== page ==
It was 65 years ago, in November of 1955, when the biggest record contract of the time was sold and bought. Music historians say that this contract was the equivalent of the Red Sox trading Babe Ruth to the New York Yankees.

Elvis Presley had one year left on his contract with Sam Phillips and Sun Records. Sam Phillips owned Sun Records, the famous record company and recording studio in Memphis, Tennessee. Some say Sun Records and that studio was the birth of rock n roll.

Under contract at Sun were Elvis, Roy Orbison, Johnny Cash, Carl Perkins, Jerry Lee Lewis and Charlie Rich just to name a few. Sam Phillips was vital in launching their careers. Sam had signed Elvis Presley in 1954 and knew he had a big talent on his hands but wasn’t sure what to do with him at first.

They recorded five singles, double sides and they were marginal hits. But there was something so strong about Elvis, and Sam started to market him and it started to pay off.

Sam's signing of every up-and-coming star to his roster made him constantly short of cash. In November of 1955, with Elvis having a year left on his contract, and Roy Orbison, Jerry Lee Lewis and Johnny Cash needing marketing seed money, Sam Phillips sold Elvis’s contract for $35,000. $35,000 in 1955 is the equivalent of $330,000 today.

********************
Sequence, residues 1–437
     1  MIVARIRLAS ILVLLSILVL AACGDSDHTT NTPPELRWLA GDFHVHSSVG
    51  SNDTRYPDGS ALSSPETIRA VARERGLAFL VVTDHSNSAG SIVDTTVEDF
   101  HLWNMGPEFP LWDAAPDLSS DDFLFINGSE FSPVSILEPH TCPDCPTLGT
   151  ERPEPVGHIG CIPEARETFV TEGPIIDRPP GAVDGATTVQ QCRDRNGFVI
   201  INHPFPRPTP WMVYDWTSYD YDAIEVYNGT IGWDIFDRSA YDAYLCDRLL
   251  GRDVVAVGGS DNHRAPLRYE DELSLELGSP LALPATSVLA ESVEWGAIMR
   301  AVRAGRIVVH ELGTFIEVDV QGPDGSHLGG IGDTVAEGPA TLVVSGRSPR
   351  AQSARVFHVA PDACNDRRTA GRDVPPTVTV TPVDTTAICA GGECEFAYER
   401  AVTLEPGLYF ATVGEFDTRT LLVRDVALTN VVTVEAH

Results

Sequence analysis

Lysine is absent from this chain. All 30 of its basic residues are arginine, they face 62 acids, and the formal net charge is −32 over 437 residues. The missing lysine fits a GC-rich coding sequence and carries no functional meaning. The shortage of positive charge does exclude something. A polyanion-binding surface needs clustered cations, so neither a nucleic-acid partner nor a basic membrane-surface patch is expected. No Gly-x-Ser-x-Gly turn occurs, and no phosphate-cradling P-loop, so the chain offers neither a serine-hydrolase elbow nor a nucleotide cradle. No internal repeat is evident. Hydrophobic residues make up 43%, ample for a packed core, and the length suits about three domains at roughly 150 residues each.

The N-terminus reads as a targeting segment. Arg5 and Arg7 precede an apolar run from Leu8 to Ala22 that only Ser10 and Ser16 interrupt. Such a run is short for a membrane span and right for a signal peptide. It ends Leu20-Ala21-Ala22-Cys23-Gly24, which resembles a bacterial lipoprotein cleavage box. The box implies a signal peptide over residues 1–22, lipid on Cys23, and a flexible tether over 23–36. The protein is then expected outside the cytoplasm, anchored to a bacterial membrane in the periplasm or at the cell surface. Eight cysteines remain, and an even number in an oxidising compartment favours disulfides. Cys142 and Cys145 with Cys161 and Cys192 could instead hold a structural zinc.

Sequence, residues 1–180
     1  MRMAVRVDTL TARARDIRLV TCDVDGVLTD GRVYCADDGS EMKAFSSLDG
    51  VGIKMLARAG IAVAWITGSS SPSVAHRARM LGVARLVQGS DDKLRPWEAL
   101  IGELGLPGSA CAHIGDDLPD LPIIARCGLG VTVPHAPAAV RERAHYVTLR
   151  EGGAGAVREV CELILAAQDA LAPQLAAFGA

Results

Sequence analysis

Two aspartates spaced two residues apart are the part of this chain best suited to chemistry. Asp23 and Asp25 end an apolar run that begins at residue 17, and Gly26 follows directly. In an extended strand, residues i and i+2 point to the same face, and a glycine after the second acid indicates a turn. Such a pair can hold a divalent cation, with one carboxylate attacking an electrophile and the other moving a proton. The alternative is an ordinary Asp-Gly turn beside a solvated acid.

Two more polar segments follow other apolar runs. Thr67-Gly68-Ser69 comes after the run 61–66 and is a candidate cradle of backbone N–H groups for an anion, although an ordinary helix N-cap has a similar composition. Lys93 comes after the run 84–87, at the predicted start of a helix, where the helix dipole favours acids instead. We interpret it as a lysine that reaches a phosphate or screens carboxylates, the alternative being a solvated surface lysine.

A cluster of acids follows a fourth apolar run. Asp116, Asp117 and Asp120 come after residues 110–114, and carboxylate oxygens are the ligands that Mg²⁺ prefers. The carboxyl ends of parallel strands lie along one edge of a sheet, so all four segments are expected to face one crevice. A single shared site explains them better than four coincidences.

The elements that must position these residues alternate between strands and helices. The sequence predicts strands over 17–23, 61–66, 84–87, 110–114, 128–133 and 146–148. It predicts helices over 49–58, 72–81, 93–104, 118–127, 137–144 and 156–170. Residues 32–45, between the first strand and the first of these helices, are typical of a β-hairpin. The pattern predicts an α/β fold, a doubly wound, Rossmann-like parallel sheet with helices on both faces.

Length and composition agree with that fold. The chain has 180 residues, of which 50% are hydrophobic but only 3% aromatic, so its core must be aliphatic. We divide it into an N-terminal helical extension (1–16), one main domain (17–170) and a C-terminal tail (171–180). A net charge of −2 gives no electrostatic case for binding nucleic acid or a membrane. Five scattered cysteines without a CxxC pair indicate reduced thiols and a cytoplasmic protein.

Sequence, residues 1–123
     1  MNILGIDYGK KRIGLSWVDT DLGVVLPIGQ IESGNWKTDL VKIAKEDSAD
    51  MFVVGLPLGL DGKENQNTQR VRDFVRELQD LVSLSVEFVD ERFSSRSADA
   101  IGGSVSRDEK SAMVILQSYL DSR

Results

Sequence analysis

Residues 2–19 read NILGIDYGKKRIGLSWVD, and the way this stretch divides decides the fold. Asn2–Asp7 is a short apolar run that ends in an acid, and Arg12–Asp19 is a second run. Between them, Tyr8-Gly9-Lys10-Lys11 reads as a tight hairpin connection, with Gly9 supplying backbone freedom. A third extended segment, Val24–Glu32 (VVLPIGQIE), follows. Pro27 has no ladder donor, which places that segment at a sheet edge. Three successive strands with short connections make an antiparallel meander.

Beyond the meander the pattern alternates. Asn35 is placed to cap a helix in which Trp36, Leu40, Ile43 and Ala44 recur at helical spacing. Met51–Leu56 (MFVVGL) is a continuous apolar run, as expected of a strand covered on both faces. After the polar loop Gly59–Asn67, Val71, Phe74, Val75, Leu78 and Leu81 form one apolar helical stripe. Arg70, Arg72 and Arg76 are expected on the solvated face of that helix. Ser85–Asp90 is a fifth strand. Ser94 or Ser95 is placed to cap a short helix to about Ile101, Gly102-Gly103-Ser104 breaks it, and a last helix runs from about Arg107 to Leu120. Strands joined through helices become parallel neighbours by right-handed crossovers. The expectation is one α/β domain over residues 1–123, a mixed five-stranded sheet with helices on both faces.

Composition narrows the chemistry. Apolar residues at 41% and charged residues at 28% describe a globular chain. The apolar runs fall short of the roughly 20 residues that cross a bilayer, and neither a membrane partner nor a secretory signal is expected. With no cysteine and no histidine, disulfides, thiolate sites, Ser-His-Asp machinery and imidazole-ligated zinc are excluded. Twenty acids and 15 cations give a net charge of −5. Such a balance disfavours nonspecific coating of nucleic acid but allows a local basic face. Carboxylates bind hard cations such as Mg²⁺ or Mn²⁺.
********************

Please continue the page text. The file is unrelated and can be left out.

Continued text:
The happy buyer was RCA records, which paid $35,000 to Sam Phillips and an extra $5,000 went to Elvis’s manager Colonel Tom Parker who would receive 25% – 50% of every dime Elvis would make. Sam Phillips also used the money from the Elvis contract sale to invest in a small hotel chain called Holiday Inn. He made millions as one of its first investors.

In 1973 RCA would pay Elvis and Colonel Tom $5,400,000 just for Elvis’s back catalog. That equates to over $35,000,000 in today’s money. Not a bad deal for RCA or Colonel Tom.

I had the pleasure of getting a tour of Sun Studios, which was very tiny but powerful when you think of the major talent that walked through those doors. Sam Phillips was rightfully inducted into the inaugural group of The Rock and Roll Hall of Fame. His footprint in rock and roll will live on.

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